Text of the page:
From Pitch to Finish: “Local Stories, Global Audiences” with Wondery at the Hot Docs Podcast Festival Showcase
Returning to Toronto for my first post-pandemic visit to Hot Docs for this year’s 30th anniversary celebration (April 27-May 7) was well worth both the (red-eye) trek and (three-hour) time zone change. Besides getting my spring sneak peek at some of the best documentaries likely to land at a US fest/theater/streamer this fall, I was able to experience the added bonus of an inaugural festival within the fest: the Hot Docs Podcast Festival Showcase.
In addition to five live events at the Hot Docs Ted Rogers Cinema—including buzzy evenings with the Radiolab guys, the Scamfluencers ladies, and the ubiquitous Kara Swisher—the Hot Docs Podcast Festival Showcase dedicated May 3-4 to six podcast-centric panels and masterclasses at the gorgeous TIFF Bell Lightbox (a cinema treasure built on donated land long-owned by hometown hero Ivan Reitman and family). Experts from Jazmín Aguilera, Head of Audio for the LA Times, to Renan Borelli, Deputy Audience Director for Audio at the NY Times, to Arif Noorani, Director of CBC Podcasts, took the stage over two jam-packed days to provide both insight and guidance into navigating a too-often opaque, still-evolving podcasting world.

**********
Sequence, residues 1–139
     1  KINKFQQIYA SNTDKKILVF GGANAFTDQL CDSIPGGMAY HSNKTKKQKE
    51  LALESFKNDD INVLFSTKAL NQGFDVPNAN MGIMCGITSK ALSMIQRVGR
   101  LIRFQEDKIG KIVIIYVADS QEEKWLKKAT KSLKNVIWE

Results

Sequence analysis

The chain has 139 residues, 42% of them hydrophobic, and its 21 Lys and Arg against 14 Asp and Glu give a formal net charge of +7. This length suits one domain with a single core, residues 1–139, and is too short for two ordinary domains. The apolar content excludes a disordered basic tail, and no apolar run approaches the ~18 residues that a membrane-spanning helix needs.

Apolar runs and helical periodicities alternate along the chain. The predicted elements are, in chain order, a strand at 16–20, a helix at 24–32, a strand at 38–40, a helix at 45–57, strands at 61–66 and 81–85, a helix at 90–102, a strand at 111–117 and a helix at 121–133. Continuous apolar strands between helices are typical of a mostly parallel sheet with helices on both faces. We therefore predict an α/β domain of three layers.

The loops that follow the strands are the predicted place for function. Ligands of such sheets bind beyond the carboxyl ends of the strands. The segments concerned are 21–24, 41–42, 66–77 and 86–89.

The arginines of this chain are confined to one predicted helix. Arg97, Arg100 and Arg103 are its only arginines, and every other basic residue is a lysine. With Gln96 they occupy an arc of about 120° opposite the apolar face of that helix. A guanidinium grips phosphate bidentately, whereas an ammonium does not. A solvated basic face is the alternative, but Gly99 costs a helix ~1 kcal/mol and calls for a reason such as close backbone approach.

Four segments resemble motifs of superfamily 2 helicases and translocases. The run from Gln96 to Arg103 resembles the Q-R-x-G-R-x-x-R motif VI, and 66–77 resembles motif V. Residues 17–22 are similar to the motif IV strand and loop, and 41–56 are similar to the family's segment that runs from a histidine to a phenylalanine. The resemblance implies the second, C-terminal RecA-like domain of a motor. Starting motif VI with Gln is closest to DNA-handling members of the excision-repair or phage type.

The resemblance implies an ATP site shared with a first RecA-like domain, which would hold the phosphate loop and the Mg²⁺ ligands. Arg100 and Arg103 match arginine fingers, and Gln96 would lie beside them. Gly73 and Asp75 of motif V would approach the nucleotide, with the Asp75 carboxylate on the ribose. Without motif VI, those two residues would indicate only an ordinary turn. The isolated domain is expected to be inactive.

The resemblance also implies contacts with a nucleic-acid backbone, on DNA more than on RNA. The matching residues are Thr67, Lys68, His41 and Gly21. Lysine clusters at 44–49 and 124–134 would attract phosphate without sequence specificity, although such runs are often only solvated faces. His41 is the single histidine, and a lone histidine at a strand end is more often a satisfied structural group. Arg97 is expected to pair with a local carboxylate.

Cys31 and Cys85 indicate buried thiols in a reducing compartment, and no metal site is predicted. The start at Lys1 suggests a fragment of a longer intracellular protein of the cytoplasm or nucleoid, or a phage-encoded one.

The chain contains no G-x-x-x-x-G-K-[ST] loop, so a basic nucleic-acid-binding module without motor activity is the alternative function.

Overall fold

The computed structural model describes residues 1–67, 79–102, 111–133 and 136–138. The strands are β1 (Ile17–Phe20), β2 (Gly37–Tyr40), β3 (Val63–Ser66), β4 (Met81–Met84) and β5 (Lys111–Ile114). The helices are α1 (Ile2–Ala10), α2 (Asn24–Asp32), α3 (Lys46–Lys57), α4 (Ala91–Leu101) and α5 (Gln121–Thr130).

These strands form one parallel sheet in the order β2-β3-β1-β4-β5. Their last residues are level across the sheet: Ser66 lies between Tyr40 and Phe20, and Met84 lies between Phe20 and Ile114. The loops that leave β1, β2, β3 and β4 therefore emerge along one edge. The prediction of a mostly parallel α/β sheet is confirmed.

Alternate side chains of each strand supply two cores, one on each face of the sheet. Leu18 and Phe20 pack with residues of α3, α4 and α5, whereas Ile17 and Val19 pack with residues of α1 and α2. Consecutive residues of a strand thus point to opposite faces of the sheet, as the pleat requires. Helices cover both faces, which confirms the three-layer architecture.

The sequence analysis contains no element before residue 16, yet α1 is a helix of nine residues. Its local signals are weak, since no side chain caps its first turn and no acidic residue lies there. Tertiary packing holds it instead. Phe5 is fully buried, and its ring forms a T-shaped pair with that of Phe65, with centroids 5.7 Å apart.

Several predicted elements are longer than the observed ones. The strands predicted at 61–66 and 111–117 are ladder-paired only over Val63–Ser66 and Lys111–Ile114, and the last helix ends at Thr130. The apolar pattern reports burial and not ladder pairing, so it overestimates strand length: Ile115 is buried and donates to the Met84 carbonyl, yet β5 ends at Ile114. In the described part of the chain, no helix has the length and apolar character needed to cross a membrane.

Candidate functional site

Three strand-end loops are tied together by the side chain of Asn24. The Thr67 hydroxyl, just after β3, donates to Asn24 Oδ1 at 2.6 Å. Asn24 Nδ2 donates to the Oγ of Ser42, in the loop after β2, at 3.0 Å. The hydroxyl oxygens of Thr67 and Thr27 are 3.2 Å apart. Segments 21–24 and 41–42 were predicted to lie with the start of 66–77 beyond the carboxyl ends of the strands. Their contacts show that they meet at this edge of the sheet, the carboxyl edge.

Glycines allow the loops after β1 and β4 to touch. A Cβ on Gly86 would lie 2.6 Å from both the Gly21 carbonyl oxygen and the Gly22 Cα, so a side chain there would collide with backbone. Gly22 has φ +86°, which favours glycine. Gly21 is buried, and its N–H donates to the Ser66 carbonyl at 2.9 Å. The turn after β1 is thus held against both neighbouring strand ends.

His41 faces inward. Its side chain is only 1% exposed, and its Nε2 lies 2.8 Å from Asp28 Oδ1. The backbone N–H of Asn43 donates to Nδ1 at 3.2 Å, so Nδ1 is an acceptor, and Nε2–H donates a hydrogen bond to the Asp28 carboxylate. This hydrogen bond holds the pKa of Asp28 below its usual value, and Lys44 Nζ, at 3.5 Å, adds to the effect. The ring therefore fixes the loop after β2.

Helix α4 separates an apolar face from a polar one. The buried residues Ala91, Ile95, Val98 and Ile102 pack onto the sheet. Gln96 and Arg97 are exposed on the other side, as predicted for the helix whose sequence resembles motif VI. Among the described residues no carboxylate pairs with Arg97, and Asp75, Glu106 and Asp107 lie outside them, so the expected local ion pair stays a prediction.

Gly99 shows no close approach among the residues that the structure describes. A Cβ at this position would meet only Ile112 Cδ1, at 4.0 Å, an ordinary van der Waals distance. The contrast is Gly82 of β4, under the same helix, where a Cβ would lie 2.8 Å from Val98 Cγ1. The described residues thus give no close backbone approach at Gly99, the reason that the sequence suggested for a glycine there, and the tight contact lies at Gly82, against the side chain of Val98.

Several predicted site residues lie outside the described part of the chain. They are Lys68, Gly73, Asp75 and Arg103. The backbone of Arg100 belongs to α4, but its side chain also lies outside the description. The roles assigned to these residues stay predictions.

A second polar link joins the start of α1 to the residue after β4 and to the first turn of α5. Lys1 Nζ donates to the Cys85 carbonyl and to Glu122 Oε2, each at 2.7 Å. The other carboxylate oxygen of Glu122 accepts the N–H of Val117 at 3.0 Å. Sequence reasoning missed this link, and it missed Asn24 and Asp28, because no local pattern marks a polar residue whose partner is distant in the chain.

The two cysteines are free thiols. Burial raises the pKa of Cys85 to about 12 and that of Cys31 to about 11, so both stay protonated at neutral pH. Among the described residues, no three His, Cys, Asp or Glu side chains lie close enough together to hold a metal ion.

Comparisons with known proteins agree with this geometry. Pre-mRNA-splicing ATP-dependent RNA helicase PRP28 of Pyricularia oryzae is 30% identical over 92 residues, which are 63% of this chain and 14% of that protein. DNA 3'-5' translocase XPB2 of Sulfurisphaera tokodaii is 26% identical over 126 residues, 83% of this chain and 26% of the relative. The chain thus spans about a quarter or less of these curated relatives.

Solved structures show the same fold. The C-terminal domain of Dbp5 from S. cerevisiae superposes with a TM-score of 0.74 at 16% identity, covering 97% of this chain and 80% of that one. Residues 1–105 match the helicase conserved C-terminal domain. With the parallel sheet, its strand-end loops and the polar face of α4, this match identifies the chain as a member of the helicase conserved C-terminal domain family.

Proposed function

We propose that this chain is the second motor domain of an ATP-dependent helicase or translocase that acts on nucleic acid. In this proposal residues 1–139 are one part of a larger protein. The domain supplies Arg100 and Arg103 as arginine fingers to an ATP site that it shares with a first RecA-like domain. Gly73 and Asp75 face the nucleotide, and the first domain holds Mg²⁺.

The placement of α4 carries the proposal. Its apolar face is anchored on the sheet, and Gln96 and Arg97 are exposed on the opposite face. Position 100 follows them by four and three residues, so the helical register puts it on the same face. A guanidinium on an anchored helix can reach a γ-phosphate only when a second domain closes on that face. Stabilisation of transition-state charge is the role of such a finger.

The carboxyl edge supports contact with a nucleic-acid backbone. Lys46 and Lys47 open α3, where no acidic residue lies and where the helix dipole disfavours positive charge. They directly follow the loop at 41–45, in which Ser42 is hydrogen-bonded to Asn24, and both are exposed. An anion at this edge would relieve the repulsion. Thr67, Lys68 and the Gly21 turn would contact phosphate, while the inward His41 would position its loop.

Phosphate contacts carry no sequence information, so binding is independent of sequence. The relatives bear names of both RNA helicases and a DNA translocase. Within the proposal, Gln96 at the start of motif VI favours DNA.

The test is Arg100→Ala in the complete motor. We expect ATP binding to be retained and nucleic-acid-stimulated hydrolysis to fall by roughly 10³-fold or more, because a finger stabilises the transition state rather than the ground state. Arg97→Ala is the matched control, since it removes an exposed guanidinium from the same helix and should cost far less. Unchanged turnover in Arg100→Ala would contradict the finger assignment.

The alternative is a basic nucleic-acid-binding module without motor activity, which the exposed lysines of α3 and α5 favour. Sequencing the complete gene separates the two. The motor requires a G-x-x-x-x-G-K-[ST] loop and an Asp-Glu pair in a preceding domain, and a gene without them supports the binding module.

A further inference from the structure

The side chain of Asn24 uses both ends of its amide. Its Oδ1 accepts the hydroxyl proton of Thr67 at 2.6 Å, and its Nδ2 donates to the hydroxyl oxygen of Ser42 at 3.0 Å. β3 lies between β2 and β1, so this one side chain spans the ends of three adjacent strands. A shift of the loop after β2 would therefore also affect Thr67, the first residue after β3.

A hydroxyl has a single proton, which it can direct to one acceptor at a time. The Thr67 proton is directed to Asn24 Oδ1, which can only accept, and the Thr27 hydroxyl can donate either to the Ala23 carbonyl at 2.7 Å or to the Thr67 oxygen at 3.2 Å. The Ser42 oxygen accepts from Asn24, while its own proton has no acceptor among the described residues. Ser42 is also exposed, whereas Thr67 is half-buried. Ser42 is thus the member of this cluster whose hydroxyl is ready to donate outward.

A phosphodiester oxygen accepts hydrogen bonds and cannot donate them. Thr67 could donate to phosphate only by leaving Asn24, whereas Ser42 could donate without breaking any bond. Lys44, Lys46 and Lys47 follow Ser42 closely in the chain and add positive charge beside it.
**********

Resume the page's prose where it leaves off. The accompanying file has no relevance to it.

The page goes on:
And one of these hour-long discussions, “‘Local Stories, Global Audiences’ with Wondery,” featured a trio of international panelists who certainly knew a thing or two about locating the universal in the niche. Wondery is the (currently) Amazon Music-owned audio storytelling entity behind such true crime juggernauts as Dr. Death, Over My Dead Body, The Shrink Next Door, Scamfluencers, and many more. (No word on whether a podcast about the company’s original founder, former head of Fox International Channels Hernan López—convicted back in March of participating in a FIFA-involved bribery scheme to secure exclusive World Cup broadcasting rights for 21st Century Fox—is in the works.)
Scandals aside, Wondery has also burnished its brand with more uplifting fare (i.e., chat pods like SmartLess and How I Built This)—which might leave many an aspiring podcaster to wonder what exactly Wondery is seeking when it comes to future content; not to mention what the organization’s stated “local to global” priority even means. Fortunately, these were some of the first questions broached by panel moderator Kasia Mychajlowycz, an audio producer/journalist and special projects producer at The Globe and Mail, to her two Wondery-employed interlocutors, Jessica Radburn (Head of International Podcast Content) and George Lavender (SVP of Content). And both were happy to expound in detail. (Perhaps too much detail at times, to be honest. As the speakers valiantly strove to stress the necessary equilibrium between the global and the local, the bigger picture and the specific story, I couldn’t help but recognize an odd sort of Goldilocks vibe coursing through the insightful conversation.)